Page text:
There were multiple standouts in Ohio State’s series opening win against Michigan, but Troy Montgomery’s ninth inning catch sealed a gutty show by the Buckeyes.
COLUMBUS — When the ball was struck, OSU coach Greg Beals had one thought: “Stay up. Stay up!”
Starting pitcher Tanner Tully, who had given Ohio State eight stellar innings, allowing Michigan one run on five hits, held his breath. “Yep,” he said. “Couldn’t help it.”
No one wearing OSU colors could. It was top of the ninth, Ohio State leading Michigan, 3-2. There were two out and two on; Bucks closer Yianni Pavlopolous on the mound.
Dominic Jamett hit a shot to center, an old-fashioned “humpback” liner. OSU center Troy Montgomery closed on the ball, while Michigan’s base runners broke from first and second. One run would tie the game; a second would establish the lead and a drastic momentum shift that could very well have affected—not only Friday night’s game—but, quite possibly, the entire weekend series.
Montgomery charged the ball, slid on his left leg and made the catch inches above the turf. Ohio State had won the first game of an essential three-game Big Ten series with 19th ranked Michigan, 3-2.
It was their second win over a nationally ranked team in three days. Wednesday night, they clobbered 16th-ranked Florida Atlantic, 10-2.
As Montgomery popped from the turf at Bill Davis Stadium, his teammates could breath again, and think, and the thoughts ran from one event to another in this hard-fought, hard-won contest.
“I didn’t know at first,” said senior captain Nick Sergakis, whose two-run single in the third gave Ohio State a 3-1 lead. “But Troy has made one big play after another for us out there, and this was another one. It was good to see, too, because he has been struggling at the plate, and you can tell it’s getting to him. But that happens. It happens to all of us. He’ll come out of it (the slump). I’m certain of that. Maybe this will help. He has the best, the most complete swing of anybody on the team. Everybody knows that.”
Montgomery, who drew an 0-for-4 Friday night, his average dropping to .253, chose not to speak with reporters. But others did his talking for him—even the stoic Tully, who struck out eight and retired 16 in a row after allowing Michigan a run in the second.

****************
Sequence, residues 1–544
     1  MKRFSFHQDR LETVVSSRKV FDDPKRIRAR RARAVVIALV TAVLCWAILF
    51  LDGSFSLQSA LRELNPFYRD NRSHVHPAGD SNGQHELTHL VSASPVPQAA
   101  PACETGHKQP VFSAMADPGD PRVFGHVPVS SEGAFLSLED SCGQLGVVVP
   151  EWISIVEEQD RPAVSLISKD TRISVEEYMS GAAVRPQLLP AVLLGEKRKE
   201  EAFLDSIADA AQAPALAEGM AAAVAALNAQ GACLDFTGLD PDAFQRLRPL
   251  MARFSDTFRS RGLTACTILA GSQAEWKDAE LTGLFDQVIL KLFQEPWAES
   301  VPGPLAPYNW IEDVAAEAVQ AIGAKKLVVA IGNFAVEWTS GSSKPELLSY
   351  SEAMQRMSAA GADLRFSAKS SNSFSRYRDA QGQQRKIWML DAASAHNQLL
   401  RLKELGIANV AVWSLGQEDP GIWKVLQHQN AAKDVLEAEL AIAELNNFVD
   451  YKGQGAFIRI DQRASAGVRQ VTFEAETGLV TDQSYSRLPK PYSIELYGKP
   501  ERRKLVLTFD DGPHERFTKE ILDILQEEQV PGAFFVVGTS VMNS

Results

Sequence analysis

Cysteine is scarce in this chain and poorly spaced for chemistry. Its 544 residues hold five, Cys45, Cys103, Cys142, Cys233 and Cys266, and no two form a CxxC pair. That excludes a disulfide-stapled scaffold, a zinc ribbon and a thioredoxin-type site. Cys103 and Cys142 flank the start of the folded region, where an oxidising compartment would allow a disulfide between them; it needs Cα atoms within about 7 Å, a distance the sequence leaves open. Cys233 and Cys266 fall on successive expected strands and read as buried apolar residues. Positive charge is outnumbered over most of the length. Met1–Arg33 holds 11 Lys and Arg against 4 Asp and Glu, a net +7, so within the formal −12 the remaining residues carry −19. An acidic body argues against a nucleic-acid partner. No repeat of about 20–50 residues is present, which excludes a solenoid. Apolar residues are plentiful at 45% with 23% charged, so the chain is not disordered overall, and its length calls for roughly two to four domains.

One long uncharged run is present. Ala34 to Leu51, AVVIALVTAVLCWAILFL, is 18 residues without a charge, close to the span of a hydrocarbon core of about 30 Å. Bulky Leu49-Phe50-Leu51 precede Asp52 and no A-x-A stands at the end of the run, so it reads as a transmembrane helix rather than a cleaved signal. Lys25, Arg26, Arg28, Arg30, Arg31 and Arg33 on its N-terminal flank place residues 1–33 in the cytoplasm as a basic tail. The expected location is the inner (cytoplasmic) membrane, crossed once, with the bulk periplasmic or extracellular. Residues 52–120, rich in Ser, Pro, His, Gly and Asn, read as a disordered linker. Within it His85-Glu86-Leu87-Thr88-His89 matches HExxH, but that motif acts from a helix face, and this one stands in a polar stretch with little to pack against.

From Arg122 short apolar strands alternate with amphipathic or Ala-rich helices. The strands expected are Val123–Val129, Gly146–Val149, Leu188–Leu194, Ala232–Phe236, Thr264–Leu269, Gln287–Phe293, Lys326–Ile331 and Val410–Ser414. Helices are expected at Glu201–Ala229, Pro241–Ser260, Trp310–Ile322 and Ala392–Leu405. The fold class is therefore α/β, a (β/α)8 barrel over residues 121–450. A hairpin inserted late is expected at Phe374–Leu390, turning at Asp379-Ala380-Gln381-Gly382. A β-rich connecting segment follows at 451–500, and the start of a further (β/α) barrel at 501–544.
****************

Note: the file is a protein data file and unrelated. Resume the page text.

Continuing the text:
“I wasn’t surprised,” he said. “He does that kinda thing all the time.”
Beals was more effusive.
“I’ve got one of the best center fielders in the country,” he said. “If that ball stays up just a little, he’s gonna make that play…Big time play. This time of year with the competition we are playing, we need our best players to make big plays. Montgomery—give him credit, getting beat at the plate a little bit right now—makes a big time play, makes the difference in tonight’s ballgame.”
“It was definitely a big out,” Tully said. “Definitely helps our momentum going into the rest of the weekend.”
“I knew (Jamett) hit it pretty good,” said junior captain Jalen Washington, whose second home run of the season tied the game, 1-1, in the fifth. “But I also noticed it was hanging up…Troy’s been making great plays all year. Anytime the ball is hit out there I have every confidence he is going to make the play…I held my breath a little bit, but when I saw that little bit of back-spin; that it was gonna stay up, I knew he had it.”
Getting to that point in the game was not nearly as dramatic, but it was Ohio State near its 2016 best–except for a flurry of baselining problems in the third: Tre’ Gantt out at the plate, trying to score from third on a wild pitch, and Sergakis picked-off at third, 2-1-5.
Michigan took the 1-0 lead in the second, when Tully allowed three of the five hits he allowed in his eight innings of work. With one out, Jon Engleman doubled to right center. He took third on a deep fly ball and scored when Tully threw a wild pitch. The inning could have worsened.
Tully was touched for two two-out singles, but got out of the inning on a soft liner to Sergakis at third.
From that point on, he retired 16 straight Wolverines, who start five players hitting better than .310.
“(Tully) threw a bunch of strikes (70 of his 99 pitches),” Beals said. “He hit with his curveball; his change-up. He mixed ’em both in…We recruited Tanner Tully as a competitor. The number one trait was how he competed. We nailed it on that one.”
OSU took the lead in the fifth. Washington led-off with a home run to left and Brady Cherry, back in the starting lineup at DH, doubled to left center. Tre’ Gantt drew a walk and Sergakis came through with a line single to center.
Those were the only dents in Michigan starter Brett Adcock, who mixed a serious breaking ball with his fastball.
“Whew,” Beals said. “He’s a pitcher. He’s got some serious tilt on that breaking ball.”
At times, Adcock made OSU hitters look pretty bad, but they reached him just enough.
Beals opened the ninth with lefty Michael Horejsei, who struck out the only hitter he faced. Then, it was Pavlopolous, who immediately gave up a double off the right field wall by Cody Bruder.
The righty closer got clean-up hitter Harrison Wenson on a called third strike. Then came a single by Drew Lugbauer and a walk to Engelman.
Jamett was the next hitter and Montgomery made the play.
“It wasn’t crisp and clean there at the end,” Beals said, referring to his bullpen’s work. “But it came together—thanks to Troy.”
Friday night’s game was the first of three Beals predicted would be a “heavyweight fight.”
“I told the guys, ‘Be ready to play with a bloody lip ’cause you are gonna get hit,’” Beals said. “We just got to keep pitching and playing.”